I am posting this as a topic of discussion mainly because of the claim in the article below, which appeared in the Los Angeles Times a while back, that up to 15% of physicians "... are drug addicts." That's quite shocking if true. Fifteen percent?
The article also claims that: "A 2013 study in the Journal of Addiction Medicine revealed that 69% of doctors abused prescription medicine to relieve stress and physical or emotional pain."
The article writer, a physician who admits to having had this problem himself, further points out that physicians who do have a substance abuse problem, and recognize that they do, "rarely seek help." That is because, he says, they know they will face "colossal stigma," along with the real possibility of losing their licenses. He adds that state medical boards often tend to react punitively toward such physicians, rather than supportively.
But, he adds, there is hope:"As it turns out, physicians, once they get help, often excel at rehab. According to health service studies, we succeed at rates of 70% to 80%, which for addiction is astronomically high."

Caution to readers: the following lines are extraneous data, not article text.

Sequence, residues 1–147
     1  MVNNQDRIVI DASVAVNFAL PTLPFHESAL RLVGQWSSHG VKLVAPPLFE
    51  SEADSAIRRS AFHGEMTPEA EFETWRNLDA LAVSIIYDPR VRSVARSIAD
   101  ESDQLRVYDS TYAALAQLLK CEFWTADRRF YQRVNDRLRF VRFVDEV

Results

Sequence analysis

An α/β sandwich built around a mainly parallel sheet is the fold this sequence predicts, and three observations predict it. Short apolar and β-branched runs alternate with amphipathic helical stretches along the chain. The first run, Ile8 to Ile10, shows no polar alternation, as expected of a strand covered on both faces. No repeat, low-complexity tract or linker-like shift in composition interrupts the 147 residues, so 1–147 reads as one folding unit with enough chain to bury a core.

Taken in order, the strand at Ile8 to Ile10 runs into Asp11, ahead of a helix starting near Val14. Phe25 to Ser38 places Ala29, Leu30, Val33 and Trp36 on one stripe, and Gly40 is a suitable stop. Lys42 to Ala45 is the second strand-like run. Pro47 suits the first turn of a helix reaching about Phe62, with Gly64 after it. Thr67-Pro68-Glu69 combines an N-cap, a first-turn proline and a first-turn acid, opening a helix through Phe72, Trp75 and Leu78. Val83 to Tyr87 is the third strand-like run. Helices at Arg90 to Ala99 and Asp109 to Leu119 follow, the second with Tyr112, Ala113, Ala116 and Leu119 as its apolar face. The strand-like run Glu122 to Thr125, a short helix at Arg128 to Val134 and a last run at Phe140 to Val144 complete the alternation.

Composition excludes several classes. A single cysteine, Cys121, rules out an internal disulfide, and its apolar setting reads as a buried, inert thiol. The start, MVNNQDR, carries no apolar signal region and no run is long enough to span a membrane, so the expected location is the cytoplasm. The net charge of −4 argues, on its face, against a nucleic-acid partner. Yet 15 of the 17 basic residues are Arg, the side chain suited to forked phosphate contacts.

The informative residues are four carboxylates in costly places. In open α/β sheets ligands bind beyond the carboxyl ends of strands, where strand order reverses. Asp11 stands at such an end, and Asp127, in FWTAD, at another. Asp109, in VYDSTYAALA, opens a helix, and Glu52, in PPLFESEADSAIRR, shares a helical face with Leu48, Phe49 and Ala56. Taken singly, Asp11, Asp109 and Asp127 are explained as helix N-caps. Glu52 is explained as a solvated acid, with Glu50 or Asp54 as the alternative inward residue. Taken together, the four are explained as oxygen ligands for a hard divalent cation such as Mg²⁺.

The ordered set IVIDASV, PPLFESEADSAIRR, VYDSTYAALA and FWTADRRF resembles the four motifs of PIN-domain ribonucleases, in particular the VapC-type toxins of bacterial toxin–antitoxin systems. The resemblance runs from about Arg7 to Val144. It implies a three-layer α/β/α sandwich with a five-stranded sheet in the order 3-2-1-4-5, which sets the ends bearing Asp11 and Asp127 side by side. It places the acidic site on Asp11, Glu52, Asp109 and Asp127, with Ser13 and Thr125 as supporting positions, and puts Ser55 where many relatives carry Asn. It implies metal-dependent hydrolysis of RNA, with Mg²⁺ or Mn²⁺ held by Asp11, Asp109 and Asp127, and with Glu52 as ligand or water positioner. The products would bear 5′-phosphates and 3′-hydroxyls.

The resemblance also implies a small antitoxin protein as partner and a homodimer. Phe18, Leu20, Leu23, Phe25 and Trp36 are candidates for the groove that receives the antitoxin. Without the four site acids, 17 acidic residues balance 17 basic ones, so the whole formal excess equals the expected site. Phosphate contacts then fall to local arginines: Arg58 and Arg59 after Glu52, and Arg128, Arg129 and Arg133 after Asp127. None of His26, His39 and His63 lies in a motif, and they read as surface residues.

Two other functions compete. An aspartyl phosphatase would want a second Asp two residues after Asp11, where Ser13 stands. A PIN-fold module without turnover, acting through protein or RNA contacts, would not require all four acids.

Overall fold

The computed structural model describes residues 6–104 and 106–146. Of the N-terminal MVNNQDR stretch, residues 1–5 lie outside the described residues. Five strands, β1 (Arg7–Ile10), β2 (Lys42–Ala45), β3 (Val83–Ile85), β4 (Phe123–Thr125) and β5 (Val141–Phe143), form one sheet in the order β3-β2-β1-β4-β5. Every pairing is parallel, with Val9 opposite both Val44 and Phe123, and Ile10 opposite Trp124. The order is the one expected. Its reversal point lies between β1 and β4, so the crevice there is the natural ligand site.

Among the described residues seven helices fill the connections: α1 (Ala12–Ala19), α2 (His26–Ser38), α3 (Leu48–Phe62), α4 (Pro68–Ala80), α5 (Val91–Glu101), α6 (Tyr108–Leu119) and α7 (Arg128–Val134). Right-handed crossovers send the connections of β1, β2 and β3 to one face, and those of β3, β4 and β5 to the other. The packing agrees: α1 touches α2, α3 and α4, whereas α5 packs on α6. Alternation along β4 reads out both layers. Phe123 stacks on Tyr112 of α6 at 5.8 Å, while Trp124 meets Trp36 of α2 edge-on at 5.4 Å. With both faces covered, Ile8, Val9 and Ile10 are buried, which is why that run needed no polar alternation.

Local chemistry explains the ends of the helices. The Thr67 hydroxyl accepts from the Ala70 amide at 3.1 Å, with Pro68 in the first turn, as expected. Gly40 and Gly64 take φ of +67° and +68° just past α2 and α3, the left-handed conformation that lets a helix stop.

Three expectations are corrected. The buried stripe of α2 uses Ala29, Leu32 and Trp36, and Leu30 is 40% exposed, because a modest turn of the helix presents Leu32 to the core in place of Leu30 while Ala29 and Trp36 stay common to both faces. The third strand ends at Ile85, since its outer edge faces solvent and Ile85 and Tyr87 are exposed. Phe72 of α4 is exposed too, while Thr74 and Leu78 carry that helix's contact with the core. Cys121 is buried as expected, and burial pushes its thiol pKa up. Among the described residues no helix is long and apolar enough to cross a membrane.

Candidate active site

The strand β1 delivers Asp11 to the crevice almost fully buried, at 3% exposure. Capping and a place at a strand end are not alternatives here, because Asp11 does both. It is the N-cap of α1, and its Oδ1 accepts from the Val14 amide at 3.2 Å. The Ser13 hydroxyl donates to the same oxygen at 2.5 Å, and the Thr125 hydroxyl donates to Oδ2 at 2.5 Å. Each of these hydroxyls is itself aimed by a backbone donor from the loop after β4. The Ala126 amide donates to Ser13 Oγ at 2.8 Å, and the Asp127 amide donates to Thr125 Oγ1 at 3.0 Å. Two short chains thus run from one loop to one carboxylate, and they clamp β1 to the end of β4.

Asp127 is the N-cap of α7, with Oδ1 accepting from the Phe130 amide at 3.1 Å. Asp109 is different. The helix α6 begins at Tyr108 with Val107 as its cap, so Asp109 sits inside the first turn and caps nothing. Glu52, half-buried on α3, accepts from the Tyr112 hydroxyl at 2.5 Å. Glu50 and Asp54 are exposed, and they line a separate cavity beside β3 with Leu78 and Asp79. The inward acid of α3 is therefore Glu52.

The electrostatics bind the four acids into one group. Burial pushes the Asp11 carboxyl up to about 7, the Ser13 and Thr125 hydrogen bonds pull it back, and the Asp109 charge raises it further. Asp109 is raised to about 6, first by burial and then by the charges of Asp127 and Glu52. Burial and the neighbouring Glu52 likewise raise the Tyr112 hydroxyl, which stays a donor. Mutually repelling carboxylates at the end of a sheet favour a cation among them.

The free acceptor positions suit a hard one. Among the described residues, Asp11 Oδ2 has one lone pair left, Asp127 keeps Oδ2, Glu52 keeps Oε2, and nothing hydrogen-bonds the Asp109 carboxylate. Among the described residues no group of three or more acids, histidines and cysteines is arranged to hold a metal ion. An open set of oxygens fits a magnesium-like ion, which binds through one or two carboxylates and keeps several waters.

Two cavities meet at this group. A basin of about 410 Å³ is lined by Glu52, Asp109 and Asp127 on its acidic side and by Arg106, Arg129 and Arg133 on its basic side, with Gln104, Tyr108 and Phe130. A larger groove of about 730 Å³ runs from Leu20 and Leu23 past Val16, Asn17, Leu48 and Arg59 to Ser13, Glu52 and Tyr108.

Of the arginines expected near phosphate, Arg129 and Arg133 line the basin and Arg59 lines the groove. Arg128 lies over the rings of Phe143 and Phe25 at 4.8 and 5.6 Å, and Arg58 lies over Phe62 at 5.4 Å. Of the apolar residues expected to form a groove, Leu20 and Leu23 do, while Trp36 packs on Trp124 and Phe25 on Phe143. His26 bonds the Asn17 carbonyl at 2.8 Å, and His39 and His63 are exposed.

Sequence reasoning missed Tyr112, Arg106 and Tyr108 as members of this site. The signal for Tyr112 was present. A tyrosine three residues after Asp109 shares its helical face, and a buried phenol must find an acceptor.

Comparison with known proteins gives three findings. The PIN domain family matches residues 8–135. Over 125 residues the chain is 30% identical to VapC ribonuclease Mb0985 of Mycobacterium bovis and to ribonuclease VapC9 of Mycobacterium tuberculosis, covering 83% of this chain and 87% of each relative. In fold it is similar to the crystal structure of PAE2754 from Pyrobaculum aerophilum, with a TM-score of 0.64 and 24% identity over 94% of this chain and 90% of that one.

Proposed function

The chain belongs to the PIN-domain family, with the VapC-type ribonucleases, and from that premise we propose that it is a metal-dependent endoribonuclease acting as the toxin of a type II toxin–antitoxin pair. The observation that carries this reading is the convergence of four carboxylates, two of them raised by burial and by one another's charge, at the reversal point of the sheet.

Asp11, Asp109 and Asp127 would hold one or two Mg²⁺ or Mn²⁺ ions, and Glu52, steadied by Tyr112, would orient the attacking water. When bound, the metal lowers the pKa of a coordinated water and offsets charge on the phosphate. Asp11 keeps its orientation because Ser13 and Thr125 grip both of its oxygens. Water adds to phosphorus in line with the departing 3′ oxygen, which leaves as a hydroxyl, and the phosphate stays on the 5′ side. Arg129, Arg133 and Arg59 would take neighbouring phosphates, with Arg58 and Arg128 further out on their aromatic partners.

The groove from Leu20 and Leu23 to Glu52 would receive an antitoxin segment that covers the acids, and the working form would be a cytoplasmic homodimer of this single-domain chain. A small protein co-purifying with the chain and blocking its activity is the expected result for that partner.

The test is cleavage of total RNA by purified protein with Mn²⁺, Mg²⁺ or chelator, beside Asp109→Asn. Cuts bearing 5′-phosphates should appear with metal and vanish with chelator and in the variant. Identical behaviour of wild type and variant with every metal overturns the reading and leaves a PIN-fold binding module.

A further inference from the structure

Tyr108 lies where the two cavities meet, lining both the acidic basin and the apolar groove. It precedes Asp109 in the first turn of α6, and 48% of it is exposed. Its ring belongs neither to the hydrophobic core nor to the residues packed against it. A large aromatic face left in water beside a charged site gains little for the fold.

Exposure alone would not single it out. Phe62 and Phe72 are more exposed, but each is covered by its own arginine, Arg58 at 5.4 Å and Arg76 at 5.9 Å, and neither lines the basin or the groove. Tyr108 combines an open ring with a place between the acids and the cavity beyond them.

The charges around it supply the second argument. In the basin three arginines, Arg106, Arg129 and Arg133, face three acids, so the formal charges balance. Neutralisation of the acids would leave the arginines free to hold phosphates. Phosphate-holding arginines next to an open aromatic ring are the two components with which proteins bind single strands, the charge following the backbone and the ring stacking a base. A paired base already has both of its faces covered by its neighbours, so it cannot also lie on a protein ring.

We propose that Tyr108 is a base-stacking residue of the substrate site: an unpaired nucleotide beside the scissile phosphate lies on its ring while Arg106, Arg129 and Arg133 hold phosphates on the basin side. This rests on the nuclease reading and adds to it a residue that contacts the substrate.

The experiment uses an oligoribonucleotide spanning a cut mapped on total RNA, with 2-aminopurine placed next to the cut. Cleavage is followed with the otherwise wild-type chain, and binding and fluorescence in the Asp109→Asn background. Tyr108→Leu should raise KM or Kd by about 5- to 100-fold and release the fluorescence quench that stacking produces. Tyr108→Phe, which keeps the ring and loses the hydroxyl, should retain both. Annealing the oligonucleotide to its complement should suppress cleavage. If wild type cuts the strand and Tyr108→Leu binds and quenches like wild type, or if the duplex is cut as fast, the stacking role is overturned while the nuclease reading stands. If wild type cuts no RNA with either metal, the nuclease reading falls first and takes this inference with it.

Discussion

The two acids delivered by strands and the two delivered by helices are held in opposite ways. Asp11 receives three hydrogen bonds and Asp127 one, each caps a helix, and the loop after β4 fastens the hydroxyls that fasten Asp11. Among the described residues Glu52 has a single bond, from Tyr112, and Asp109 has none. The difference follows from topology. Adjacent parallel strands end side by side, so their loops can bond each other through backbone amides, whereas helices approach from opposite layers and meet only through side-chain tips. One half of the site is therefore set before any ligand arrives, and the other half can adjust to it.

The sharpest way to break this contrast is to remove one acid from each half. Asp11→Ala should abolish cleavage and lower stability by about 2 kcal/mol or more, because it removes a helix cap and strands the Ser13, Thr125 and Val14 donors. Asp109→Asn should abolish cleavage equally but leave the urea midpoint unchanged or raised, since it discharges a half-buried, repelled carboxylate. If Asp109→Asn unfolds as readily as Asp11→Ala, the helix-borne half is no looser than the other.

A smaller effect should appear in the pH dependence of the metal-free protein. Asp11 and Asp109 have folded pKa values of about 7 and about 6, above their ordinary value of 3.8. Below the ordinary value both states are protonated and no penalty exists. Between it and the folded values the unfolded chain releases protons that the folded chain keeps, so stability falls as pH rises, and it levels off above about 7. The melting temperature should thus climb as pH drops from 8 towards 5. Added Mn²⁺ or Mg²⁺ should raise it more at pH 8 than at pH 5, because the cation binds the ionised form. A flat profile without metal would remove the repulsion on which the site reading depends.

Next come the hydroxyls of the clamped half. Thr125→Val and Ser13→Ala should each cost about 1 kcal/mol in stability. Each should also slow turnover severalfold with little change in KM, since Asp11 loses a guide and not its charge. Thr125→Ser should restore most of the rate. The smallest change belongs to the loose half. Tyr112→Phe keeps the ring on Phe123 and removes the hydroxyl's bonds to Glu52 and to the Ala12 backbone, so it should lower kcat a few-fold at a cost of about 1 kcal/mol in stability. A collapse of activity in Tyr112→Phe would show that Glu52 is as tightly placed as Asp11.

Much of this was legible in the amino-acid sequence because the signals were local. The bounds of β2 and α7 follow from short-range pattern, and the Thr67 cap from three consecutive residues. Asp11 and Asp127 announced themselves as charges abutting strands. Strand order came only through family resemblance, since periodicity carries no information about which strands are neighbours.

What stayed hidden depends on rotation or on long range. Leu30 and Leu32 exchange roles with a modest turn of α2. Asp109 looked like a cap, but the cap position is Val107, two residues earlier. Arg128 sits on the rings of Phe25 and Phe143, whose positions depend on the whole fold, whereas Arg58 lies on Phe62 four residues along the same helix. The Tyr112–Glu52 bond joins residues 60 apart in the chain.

And he recommends that:"Instead of reflexively revoking or suspending licenses, state medical boards can usually ensure patient safety by keeping doctors at work under careful monitoring."
If it's true, let's hope that 15% statistic decreases over time, as effective approaches to this problem are increasingly put into practice. https://www.latimes.com/opinion/op-ed/la-oe-grinspoon-addicted-doctors-20160605-snap-story.html
Chronic prostatitis (age 60 on)
BPH w/ urinary obstruction, 6/2011
Ongoing high PSA, 7/2011-12/2011
Biopsy, 12/2011: positive 3/12 (90%, 70%, 5%)
Gleason 6(3+3), T1c
No mets, PCa likely still organ contained
IMRT w/ HT (Lupron), 4/2012-6/2012
PSAs (since post-IMRT): 0.1 or lower